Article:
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The International Writers Magazine: Dreamscapes

The Last Child
Michael Hammond

aerosmith

Riding shotgun in my mom’s dark blue Grand Prix, rolling down Lake Shore Drive on a particularly bright day this past spring, Jim stuck his head out the window and strained his weak eyes to carefully observe a haggard-looking man walking along the lakefront wearing a heavy, ankle-length coat despite the warm weather. “Man, that must be the life,” Jim noted. “Spend all day on the beach. Sleep under the stars.” I giggled, but he was completely sincere. My 36-year old uncle, legally blind and in poor health, lived off disability in a tiny efficiency apartment in our hometown, a community of less than 4,000 residents. Given his prospects back home, there was a certain mystique to being “big city” homeless. There were worse fates.

            Fistfights, car wrecks, and frequent arrests told the story of Jim’s twisted life. His most sublime incident came late one summer night, when he got wasted and crashed his dad's Buick Regal into Figlia’s Fruit stand. The car was totaled and so were the watermelons. Bent steel and fruit guts were everywhere. Jim spent the night in the emergency room but somehow came out of it in one piece. He also got busted buying beer for two of kids from my school, one of them a Neanderthal who tormented me during gym class. Worst of all, though pushing thirty at the time, he had a fling with Cher, the girl whose locker was next to mine at high school. He would regale me with tales of late night trysts, sneaking into her bedroom window with her parents in the house. I was horrified.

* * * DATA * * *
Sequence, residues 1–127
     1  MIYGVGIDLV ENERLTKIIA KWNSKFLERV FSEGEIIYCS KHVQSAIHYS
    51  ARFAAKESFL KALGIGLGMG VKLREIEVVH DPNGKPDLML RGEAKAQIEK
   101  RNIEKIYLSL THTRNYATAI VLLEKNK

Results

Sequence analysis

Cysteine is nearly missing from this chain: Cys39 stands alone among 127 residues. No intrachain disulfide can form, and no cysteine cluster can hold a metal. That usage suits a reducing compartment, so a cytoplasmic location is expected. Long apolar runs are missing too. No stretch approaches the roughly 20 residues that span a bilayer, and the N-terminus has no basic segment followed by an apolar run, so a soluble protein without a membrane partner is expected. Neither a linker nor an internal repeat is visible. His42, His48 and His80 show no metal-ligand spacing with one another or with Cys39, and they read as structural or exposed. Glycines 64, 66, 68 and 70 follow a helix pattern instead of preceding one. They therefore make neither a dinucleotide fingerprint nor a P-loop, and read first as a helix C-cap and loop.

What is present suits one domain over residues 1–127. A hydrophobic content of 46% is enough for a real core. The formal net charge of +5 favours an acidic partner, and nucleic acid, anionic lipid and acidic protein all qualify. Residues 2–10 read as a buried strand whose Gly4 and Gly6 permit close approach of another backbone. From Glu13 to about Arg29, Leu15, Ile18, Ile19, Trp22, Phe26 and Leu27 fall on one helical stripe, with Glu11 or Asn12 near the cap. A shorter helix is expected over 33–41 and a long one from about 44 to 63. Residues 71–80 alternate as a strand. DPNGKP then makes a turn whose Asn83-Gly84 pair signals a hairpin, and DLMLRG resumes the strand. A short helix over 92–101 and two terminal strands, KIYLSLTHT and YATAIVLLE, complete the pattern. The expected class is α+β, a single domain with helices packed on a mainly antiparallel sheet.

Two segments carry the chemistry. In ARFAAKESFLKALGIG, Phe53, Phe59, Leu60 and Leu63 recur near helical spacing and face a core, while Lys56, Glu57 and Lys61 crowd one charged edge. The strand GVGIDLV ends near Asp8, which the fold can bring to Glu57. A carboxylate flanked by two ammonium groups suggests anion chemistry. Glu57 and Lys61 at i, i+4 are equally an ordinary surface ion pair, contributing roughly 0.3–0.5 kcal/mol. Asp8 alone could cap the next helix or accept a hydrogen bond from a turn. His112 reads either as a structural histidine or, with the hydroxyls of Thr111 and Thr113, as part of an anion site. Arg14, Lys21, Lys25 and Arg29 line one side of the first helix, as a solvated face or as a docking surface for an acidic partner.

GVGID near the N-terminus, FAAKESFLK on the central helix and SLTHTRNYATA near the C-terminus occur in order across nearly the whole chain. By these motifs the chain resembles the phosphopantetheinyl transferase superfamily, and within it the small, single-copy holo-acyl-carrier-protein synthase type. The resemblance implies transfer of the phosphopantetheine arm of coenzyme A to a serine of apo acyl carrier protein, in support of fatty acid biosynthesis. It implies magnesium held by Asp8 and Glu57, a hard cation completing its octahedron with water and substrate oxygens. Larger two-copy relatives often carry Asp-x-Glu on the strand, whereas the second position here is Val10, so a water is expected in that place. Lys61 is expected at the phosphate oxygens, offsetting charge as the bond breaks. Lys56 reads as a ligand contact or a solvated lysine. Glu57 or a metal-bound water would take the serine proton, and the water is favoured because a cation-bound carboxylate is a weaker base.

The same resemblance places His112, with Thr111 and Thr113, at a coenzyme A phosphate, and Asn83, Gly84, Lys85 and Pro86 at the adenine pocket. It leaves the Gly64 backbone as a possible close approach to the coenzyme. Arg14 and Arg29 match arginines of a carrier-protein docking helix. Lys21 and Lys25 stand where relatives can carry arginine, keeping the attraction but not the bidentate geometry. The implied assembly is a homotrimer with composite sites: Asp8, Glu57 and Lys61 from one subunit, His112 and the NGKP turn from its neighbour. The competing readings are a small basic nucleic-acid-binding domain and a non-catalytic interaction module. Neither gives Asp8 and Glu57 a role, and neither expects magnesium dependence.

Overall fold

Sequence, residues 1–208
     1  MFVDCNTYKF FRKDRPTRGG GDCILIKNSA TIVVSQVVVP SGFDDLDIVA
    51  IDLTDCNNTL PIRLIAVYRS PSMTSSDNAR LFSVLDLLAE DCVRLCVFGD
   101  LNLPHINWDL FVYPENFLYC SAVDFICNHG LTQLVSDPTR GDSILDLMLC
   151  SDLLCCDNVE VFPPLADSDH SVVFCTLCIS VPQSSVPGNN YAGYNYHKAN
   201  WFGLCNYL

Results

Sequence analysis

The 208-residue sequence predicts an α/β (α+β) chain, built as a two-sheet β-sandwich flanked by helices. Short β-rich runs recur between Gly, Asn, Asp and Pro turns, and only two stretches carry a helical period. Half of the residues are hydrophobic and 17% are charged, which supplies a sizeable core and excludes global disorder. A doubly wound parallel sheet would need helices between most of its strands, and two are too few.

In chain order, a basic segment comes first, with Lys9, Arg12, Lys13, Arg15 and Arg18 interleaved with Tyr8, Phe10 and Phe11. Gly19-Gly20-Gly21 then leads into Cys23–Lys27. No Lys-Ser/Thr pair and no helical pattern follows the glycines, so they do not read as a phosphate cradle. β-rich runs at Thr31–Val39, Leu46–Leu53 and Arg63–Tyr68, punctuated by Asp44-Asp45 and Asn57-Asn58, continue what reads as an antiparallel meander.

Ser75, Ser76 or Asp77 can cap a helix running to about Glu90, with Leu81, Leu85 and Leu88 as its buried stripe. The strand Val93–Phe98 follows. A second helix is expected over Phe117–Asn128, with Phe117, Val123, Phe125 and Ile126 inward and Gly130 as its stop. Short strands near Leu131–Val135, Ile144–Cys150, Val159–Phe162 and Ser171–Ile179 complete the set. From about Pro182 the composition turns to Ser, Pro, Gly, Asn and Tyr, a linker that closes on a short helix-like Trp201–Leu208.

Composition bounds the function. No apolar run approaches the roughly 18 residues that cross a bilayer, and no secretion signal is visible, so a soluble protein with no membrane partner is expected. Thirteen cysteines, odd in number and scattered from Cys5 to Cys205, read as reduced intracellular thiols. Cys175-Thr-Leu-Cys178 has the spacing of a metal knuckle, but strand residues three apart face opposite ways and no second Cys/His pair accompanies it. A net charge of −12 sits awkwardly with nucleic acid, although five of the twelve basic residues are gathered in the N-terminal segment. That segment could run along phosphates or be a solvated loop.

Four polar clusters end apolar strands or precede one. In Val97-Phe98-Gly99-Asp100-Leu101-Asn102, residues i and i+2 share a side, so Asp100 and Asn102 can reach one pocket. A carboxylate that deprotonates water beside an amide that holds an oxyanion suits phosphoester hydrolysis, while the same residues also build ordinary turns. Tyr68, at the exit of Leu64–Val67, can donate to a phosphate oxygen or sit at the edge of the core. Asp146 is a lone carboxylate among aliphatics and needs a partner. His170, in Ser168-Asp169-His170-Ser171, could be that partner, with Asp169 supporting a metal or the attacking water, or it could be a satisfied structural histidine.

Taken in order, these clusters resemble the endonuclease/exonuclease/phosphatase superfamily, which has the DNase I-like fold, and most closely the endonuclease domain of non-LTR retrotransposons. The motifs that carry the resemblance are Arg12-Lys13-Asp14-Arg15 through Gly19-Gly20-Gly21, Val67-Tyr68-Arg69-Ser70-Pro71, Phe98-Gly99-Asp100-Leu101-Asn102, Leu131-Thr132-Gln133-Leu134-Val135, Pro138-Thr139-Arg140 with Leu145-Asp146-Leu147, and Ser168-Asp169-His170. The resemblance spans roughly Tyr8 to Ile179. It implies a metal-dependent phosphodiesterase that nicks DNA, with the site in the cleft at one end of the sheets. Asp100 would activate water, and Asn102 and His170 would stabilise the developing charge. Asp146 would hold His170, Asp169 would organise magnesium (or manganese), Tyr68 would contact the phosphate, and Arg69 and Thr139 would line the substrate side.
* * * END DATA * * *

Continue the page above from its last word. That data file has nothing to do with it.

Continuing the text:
When my grandmother babysat me as a kid, Jim was in his twenties, usually unemployed and thus always around my grandparents' place. With three pack-a-day smokers crammed into their little two-bedroom apartment, the walls were stained a grim shade of yellow. A can of Budweiser, or in latter days, the slightly cheaper Busch, was in Jim's hand morning, noon, and night. His daily ritual included playing the Aerosmith’s Greatest Hits LP, the one with the iconic red cover behind the band’s white wings logo. Jim’s hair was long and dark black like lead singer Steven Tyler’s. He was emaciated rock-star skinny and wore torn jeans and Army greens that simply reeked of smoke. His cigarette-holding hand shook distinctively as he bounced about my grandparent’s living room singing along to the hits, “Walk This Way,” "Dream On," and “Sweet Emotion.” The youngest of three and a self-styled bad boy, his favorite was “Last Child,” with the lyrics, “He was the last child . . . just a punk in the streets.” Despite his daily listen, he still fumbled some of the words, eventually resorting to humming. The verses to “Walk This Way” came out something like, “bee bah boo to the bee bah boo,” even less coherent than the original, which was an accomplishment. 

            Jim was close to his mom, her baby. No number of arrests or indiscretions was going to change that. My grandma was a lively and outgoing redhead born in Kentucky who suffered from a rare kidney disorder that had supposedly doomed her more than a decade before. She finally died in 1989, physically run down but still pretty together upstairs. She and Jim spent her last few years drinking coffee, smoking cigarettes and playing canasta most every day. My mom once told me she suspected that they got high together when everyone else was away at work, but Jim vehemently denied it when I asked about it years later. He claimed that she hated drinking and drugs and always gave him hell for his habits.